Ah well, there's only so many policy battles we can win from our offshore volcano lair.
“Castus, meanwhile, goes straight for the bad theology like one of those creepy fish that swims up streams of pee.” — Darkhawk

Juniperberry

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Re: Scalia: US Should Privilege Religion
« Reply #22 on: January 04, 2016, 11:23:16 pm »
Quote from: Altair;184448
No doubt his personal echo chamber--oops! I mean, Clarence Thomas--agrees.

Scalia Dismisses Concept of Religious Neutrality in Speech


"To tell you the truth there is no place for [treating religion and non-religion equally] in our constitutional tradition. Where did that come from?" he said. "To be sure, you can't favor one denomination over another but can't favor religion over non-religion?"

http://hosted.ap.org/dynamic/stories/U/US_SCALIA_RELIGION_SPEECH


From what I understand, Scalia isn't talking about constitutional law, but specifically about constitutional tradition in that no one ever truly separates their beliefs from their ethics 100%, and that it's one thing to expect judges be religiously unbiased (unprejudiced), and another to expect them to be religiously neutral (indifferent).
« Last Edit: January 04, 2016, 11:25:06 pm by Juniperberry »
The pace of progress in artificial intelligence (I’m not referring to narrow AI) is incredibly fast. [...] The risk of something seriously dangerous happening is in the five year timeframe. 10 years at most.--Elon Musk

I am in the camp that is concerned about super intelligence," [Bill] Gates wrote. "First the machines will do a lot of jobs for us and not be super intelligent. That should be positive if we manage it well. A few decades after that though the intelligence is strong enough to be a concern. I agree with Elon Musk and some others on this and don\'t understand why some people are not concerned."

sailor

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Re: Scalia: US Should Privilege Religion
« Reply #23 on: January 05, 2016, 02:05:18 am »
Quote from: Castus;184512
The IRS does it all the time.

 
Only sort of.  The IRS is looking at the organizaitonal side, not what people belive. It doens't matter what you believe, just that you follow your own rules and don't steal the money or abuse the financial status.

Castus

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Re: Scalia: US Should Privilege Religion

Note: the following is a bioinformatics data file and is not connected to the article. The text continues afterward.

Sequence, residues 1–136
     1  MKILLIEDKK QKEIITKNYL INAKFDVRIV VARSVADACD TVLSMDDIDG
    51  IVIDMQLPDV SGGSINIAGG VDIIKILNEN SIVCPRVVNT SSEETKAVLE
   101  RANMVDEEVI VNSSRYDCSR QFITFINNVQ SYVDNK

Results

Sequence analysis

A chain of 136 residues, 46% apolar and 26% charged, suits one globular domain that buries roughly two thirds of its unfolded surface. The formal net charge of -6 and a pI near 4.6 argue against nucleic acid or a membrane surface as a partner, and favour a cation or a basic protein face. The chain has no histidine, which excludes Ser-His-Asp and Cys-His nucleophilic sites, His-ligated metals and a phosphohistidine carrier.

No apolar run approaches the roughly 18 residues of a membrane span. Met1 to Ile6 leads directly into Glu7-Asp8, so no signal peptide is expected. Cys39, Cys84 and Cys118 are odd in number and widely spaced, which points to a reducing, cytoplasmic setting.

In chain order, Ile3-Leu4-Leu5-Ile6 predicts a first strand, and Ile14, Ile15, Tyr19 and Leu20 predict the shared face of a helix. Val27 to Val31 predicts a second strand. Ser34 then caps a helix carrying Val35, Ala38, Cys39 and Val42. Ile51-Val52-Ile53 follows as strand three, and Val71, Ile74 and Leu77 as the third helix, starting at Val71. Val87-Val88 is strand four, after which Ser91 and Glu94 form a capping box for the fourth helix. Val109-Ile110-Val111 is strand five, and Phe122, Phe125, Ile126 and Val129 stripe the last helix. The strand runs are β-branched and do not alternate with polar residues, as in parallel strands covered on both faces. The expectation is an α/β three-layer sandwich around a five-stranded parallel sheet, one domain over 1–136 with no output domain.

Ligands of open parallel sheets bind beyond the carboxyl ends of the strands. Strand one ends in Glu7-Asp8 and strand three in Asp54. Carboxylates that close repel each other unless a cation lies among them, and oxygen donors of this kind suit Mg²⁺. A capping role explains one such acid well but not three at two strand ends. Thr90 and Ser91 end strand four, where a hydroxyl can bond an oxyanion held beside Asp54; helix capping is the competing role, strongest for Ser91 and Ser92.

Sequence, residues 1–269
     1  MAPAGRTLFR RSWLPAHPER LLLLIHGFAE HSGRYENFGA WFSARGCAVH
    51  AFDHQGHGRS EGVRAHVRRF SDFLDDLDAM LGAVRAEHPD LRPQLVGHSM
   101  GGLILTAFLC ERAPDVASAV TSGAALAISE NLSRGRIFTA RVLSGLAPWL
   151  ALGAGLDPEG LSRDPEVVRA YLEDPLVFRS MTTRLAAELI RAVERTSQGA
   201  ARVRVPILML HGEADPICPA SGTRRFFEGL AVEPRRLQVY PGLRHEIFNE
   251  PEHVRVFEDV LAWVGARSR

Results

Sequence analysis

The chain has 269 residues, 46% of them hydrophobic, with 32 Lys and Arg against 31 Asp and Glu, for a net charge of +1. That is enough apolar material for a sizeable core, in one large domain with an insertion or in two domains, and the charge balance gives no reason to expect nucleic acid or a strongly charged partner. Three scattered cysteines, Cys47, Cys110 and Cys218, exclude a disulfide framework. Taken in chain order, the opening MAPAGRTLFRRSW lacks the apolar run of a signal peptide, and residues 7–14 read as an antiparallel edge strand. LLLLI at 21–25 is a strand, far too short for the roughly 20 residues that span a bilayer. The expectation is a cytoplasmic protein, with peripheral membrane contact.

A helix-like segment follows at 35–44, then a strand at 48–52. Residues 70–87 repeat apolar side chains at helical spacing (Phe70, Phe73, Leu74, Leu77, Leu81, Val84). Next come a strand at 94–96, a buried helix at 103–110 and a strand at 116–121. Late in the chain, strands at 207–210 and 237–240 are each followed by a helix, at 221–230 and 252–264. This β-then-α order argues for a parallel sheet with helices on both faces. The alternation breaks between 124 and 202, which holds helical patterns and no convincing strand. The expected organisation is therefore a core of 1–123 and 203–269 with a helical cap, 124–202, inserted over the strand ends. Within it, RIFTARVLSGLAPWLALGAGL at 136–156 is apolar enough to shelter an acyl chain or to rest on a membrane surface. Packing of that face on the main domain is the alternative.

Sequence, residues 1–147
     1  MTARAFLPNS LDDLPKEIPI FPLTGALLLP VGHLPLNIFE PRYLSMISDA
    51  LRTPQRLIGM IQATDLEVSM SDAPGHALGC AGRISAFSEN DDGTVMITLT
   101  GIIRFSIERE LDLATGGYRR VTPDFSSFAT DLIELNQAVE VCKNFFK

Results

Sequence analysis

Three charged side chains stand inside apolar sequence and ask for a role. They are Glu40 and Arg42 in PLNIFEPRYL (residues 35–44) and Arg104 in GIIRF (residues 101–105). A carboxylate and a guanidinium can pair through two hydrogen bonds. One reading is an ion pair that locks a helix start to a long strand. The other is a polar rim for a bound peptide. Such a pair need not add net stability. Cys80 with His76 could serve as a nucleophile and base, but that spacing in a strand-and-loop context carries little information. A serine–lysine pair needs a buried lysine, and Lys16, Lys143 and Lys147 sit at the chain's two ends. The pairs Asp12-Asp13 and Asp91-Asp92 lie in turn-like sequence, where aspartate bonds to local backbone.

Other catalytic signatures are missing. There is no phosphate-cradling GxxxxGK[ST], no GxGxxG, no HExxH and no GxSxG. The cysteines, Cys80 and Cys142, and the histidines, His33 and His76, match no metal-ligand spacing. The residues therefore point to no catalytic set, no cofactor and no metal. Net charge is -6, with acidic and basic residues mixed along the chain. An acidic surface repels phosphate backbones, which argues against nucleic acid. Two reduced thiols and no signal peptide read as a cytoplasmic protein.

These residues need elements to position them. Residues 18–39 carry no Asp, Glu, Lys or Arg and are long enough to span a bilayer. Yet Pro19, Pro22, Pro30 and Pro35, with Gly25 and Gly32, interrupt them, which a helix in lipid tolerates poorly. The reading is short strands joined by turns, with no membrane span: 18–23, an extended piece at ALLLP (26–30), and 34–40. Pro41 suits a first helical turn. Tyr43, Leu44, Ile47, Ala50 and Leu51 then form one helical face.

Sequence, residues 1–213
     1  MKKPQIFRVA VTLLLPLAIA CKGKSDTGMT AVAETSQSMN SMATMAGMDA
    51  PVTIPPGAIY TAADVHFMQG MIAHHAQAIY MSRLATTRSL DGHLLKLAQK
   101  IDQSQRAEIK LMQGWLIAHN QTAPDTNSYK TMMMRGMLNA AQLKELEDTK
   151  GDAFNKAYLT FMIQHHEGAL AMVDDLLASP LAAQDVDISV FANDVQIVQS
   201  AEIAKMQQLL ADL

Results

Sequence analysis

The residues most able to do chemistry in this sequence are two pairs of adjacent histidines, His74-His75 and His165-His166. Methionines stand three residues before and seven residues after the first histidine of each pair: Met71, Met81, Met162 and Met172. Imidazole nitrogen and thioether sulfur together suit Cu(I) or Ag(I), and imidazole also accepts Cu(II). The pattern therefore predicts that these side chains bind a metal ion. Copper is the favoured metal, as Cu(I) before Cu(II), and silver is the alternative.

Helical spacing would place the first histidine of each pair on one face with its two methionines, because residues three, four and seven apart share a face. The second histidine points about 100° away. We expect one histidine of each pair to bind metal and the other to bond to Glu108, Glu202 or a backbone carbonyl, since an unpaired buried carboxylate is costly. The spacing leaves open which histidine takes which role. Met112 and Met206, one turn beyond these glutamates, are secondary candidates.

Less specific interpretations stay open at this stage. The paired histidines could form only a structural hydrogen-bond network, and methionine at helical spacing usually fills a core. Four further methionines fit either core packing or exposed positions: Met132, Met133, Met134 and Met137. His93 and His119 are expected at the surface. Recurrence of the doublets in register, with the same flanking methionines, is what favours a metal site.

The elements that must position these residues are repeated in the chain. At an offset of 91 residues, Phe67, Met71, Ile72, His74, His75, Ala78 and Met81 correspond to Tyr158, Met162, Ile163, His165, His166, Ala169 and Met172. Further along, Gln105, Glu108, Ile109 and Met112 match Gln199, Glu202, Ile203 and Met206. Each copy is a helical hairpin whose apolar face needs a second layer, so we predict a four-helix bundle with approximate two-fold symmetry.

« Reply #24 on: January 05, 2016, 10:36:14 am »
Quote from: sailor;184540
Only sort of.  The IRS is looking at the organizaitonal side, not what people belive. It doens't matter what you believe, just that you follow your own rules and don't steal the money or abuse the financial status.


Fair point.
“Castus, meanwhile, goes straight for the bad theology like one of those creepy fish that swims up streams of pee.” — Darkhawk

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Re: Scalia: US Should Privilege Religion
« Reply #25 on: January 05, 2016, 10:52:33 am »
Quote from: Castus;184512
The IRS does it all the time.

 
Castus, I know you're smarter than that.

The IRS determines who has filled out its paperwork properly.  If you think "filling out IRS paperwork" is a religious determiner, I'm sure the Discordians will have you in to celebrate the season of Bureaucracy.
as the water grinds the stone
we rise and fall
as our ashes turn to dust
we shine like stars    - Covenant, "Bullet"

Castus

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Re: Scalia: US Should Privilege Religion
« Reply #26 on: January 05, 2016, 11:11:49 am »
Quote from: Darkhawk;184566
Castus, I know you're smarter than that.

The IRS determines who has filled out its paperwork properly.  If you think "filling out IRS paperwork" is a religious determiner, I'm sure the Discordians will have you in to celebrate the season of Bureaucracy.


It was, admittedly, not my most intelligent post; but at the time it felt reasonable >_>
“Castus, meanwhile, goes straight for the bad theology like one of those creepy fish that swims up streams of pee.” — Darkhawk